A slow ride up through some smaller Inca sites until dusk in Ollantaytambo (via the Inca ampitheatre). The train being craziliy expensive (and in any case somehow too easy). The last meal for a while. Another incredibly bumpy, precipitous taxi ride to Santa Teresa in rain where we spend the night.
Waking at six. San Pedro and a cigarette for breakfast. Hot water from a remote first aid tent. Jordi mixing. Viscous green. A cartwheel on a trainline. Walking. Repetition, sweat and nausea. The wood slats being ou---t—ofs-y—n------c with my stride. Throwing up before a bridge, a little weightless, clean. Feeling better. The sun suddenly hot, present. Jordi, Thai and I bathing in pools around rapids – lots of butterflies, lucid and slowing down a little. Guarda and Lara waiting ahead on the platform giggling like little girls, covered in mosquito bites.
The incredible sound of white water, blocks of sound. Blocks of rock rising thousands of meters out of jungle. Valley gorge. Something about a proper relation to nature. Continuous awe.
Agua Caliente…utter disorientation. Jungle china town. The seeming plastic tin pot temporality of virtually all human constructions (endeavour?). Rain in mild air. Head back on rucksack, to find the middle of something. Turning to the river over and over, second wave, thinking to consolidate, rain on skin, ice cream – a worthy human endeavour.
Strange restaurant table, suddenly enclosed. Food, eyeing bags, others. Guide police lunching with tourists, ‘Inca laughter’. The wildly vacillating turns of my appetite. Fish proving good. Beer too. Ugliest town square I’ve ever seen (fascinating for it). Guada and Lara reprimanded by officials for mounting and embracing its cheap Inca statue. The eponymous hot baths full of fat tourists in brown water. Sickened some. Turning around, tickets in hand. A red hotel room with synthetic sheets. Skin. Sleep. Later, a lasagne, strung out Shithead – losing a lot.
Morning, bright. Out on the street. Late start. Sat facing tracks. Guarda and Jordi already on the cactus. Not holding it down. Climbing steps – an inordinate number. Everything smelling of San Pedro. Ritz crisps. Fruit in a bag. Utter fatigue. Vomiting (again). Relief (again). Jordi’s multicoloured fatigue, green/red under yellow hat. Lara’s bitten up legs. Folk descending. ‘Quince minutos’ they said, every one.
At the top. Parking lot. Plastic ticket office, Americans, cars, buses…a glass of water that costs two meals. The potential that it’s a horrible mistake. Then through the gate and just staring…every direction an unmitigated visual pleasure, a fact in a natural wonder, an intervention so eccentric and perfect it defies belief. The inability somehow to believe it, comprehend it visually. Reframed, built, crazily built.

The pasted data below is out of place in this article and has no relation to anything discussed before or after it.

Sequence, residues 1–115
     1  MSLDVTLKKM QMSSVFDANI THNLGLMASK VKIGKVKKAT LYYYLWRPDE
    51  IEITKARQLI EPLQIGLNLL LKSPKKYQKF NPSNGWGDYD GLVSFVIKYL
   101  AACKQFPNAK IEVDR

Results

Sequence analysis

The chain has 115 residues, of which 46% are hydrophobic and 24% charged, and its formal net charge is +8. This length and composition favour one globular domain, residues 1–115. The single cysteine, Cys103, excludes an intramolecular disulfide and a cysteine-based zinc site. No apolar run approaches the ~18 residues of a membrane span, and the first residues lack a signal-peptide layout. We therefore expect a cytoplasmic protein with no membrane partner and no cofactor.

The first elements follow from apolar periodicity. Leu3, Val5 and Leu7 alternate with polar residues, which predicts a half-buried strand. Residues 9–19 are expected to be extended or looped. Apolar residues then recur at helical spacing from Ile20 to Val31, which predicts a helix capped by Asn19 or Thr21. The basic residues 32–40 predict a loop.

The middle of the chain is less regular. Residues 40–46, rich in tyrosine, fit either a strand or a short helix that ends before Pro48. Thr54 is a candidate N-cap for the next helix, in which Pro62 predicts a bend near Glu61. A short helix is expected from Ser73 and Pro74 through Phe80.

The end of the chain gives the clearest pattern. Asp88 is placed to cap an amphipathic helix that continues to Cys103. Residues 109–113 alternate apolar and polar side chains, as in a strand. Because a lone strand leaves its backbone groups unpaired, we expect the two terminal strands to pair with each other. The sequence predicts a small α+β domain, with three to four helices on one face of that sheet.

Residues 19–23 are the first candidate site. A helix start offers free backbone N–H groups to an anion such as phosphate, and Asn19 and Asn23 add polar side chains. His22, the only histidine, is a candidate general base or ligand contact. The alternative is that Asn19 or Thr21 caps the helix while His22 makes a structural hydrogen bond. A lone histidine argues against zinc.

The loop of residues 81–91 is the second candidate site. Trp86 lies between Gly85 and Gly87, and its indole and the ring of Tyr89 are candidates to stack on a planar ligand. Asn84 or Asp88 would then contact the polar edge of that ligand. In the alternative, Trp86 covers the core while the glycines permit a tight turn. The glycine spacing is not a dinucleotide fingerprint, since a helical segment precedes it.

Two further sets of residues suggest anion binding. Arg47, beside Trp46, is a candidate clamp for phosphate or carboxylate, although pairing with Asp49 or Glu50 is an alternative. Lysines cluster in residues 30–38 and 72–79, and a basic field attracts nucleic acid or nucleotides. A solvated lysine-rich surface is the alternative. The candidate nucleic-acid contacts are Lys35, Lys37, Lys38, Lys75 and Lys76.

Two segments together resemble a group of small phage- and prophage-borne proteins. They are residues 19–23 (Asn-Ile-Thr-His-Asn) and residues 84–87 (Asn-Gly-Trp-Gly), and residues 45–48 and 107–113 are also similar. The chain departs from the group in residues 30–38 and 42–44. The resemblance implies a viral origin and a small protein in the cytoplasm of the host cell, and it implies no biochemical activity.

Two equadorians chasing the girls, but not quite hassling. Official whistles and cigarettes. All kinds of tourist. Its hot. We have no water – just warm yogurt and a mango. Try not to think about it. Climbing again suddenly easier, weight lifted, in mind, passing energy, mood, desire, laughter…charged silent looking. I didn’t think about it. On the steps - the saint who hands me a full bottle of water.
Coming down. Descending finally, the first time all day, in both senses - as if to be synchronised as such. The evening light bathing the whole place in new angles and dimensions. Light hitting rock on a grand scale. More whistles. Four reluctantly ushered out.
Fatigue. An expensive bus I dislike. Restaurant with kindly owner. Pizza. Coca Cola - the best drink ever (for a moment). A better hostel. Hot shower. In the plaza with Guarda later. Warm evening. Gentle, straight, philosophical. Some sweets in my pocket.
A slow, bumpy ride back in Cuzco in a very hot van. Realising how dangerous it was in daylight. Quickly becoming bored of the two fractionally differing locations for my feet. Later. Half hearted clubbing. Torrential rain on the last day. The market and the kindly juice lady for the last time. Saying goodbye to Lara and Guarda. Missing them all – Manuel, Jordi, Joakim, Lara, Guarda.
 I’m sorry vomiting features so profusely in this and other accounts but it is only out of a desire for a kind of veracity and, it is fair to say that vomiting has been, if not (mercifully) a defining feature, then certainly something of a recurring theme.